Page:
{ 168 comments… read them below or add one }

  1. AMG

    What if you asked to change roles so that you ARE doing Cecilia’s job full-time and someone else can do yours? Maybe a more sable person in that position is just what is needed, and can get you more skills and set you up for a promotion down the road. I would suggest cross-training and using this to your advantage. Obviously, it all hinges on your boss’s buy-in and willingness to get more support.

    Reply
    1. AMG

      For the record, I do sympathize with Cecilia. I have had multiple family emergencies this year and used more PTO than I had. Then I made arrangements for others to help out so that I didn’t impact my job any further. This isn’t what you are asking, but speaking as someone who has been there–and still is–Cecilia needs to work this out in her personal life. Your boss is remiss in not telling her so.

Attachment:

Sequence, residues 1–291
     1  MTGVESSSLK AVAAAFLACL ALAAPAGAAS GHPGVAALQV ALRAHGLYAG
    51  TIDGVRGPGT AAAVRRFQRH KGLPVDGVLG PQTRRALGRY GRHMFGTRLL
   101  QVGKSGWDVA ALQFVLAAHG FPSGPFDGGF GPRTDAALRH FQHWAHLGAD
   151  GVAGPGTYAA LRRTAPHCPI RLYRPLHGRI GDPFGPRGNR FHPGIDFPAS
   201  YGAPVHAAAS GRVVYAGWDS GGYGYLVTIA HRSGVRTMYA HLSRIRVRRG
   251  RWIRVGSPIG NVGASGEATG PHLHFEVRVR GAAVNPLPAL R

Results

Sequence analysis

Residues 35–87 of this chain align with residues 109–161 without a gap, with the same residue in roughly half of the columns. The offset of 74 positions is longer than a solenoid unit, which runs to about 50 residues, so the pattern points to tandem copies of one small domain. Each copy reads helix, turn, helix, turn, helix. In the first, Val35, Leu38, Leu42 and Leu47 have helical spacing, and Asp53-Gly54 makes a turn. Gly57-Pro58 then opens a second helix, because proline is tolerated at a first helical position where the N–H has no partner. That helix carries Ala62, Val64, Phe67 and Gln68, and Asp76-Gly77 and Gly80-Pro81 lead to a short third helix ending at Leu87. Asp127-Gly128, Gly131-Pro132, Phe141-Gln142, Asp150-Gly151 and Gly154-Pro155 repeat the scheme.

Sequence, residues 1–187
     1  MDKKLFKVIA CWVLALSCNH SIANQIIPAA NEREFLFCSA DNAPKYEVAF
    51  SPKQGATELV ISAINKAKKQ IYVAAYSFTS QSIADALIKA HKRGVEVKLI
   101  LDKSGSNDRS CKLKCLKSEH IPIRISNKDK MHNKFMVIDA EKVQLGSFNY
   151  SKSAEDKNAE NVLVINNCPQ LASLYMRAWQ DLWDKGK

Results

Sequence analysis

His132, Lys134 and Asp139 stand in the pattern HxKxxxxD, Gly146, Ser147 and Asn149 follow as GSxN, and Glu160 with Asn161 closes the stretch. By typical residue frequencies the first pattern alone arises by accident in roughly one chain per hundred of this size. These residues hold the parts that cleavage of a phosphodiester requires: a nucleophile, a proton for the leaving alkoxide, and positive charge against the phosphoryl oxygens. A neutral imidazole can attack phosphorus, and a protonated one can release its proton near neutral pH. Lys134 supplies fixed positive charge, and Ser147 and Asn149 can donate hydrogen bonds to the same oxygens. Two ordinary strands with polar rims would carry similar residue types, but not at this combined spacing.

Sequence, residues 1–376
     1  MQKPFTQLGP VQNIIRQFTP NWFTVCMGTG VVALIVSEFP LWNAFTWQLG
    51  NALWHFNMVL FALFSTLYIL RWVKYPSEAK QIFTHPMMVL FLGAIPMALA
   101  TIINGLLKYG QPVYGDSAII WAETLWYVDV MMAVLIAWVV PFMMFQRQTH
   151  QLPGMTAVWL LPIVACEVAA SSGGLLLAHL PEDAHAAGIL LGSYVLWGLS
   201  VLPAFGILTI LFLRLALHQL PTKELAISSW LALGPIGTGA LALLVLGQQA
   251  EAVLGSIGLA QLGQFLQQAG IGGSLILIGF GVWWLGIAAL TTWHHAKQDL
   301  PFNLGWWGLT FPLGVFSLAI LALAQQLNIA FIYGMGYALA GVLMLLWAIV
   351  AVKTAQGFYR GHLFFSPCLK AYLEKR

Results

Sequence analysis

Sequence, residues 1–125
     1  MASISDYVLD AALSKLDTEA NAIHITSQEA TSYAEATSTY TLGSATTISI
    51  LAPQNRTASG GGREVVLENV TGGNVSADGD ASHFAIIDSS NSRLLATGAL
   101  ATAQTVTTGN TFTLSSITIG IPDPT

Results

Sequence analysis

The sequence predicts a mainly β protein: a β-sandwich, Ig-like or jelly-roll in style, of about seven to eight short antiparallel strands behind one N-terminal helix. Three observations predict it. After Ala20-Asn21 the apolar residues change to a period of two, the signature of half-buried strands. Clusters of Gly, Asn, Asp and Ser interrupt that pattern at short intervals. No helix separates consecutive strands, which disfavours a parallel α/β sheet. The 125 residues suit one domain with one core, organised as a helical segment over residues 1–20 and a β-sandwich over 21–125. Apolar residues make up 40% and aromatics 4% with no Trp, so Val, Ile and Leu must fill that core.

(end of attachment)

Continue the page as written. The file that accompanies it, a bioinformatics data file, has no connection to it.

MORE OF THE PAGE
Reply
    2. Letter Writer

      Hi there! Thank you.

      Part of the problem is that I hate Cecilia’s work. All of the things we changed in her job role are things I do not care to cultivate as skills. If anything, I worry about being pigeonholed as that person forever. Jack has also hinted that he’d be willing to change her job again if it would give me a better balance. But I don’t want to change our roles, I just want her to do hers.

      Reply
      1. Artemesia

        Jack needs to train someone else to do Cecilia’s job and then find a part time person, a temp or another employee to do the less detailed tasks that that person has to give up to cover. I agree with Alison that the key here is to firmly push back and make it clear that this is not sustainable for you; her wording is a good opening gambit. And I agree that you should focus on ‘we need to find another way to cover these tasks since apparently Cecelia is going to be working part time on them and this is a continuing issue. Make clear that he needs to find a different coverage alternative by clearly articulating the recurring nature of the demand and your inability to add it to your workload indefinitely AND your unwillingness to change roles.